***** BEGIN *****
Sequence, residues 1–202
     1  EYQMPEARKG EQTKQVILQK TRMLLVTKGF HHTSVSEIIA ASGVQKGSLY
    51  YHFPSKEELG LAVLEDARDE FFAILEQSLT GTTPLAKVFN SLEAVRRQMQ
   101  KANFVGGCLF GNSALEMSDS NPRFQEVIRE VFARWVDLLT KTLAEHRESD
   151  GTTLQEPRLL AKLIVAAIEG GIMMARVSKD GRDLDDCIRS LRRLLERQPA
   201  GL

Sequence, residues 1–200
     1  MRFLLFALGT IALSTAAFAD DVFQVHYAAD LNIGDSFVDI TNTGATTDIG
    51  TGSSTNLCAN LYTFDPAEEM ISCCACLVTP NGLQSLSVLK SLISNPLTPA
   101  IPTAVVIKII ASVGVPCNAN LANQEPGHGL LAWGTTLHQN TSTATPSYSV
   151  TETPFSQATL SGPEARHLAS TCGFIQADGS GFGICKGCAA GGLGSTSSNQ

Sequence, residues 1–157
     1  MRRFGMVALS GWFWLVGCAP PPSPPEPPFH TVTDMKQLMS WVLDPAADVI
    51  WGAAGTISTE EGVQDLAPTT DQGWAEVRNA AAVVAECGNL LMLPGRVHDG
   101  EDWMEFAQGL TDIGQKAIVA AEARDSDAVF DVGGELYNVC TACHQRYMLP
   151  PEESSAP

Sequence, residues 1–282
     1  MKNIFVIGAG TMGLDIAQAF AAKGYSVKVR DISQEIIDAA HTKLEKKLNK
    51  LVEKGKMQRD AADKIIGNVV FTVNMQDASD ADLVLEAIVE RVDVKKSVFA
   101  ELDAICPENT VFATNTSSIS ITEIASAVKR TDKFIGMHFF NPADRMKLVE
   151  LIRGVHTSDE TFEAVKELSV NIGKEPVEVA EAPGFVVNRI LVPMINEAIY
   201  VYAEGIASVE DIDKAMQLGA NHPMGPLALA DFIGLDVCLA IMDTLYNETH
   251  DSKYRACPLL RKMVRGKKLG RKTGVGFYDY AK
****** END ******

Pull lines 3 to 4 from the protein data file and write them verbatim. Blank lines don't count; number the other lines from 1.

    51  YHFPSKEELG LAVLEDARDE FFAILEQSLT GTTPLAKVFN SLEAVRRQMQ
   101  KANFVGGCLF GNSALEMSDS NPRFQEVIRE VFARWVDLLT KTLAEHRESD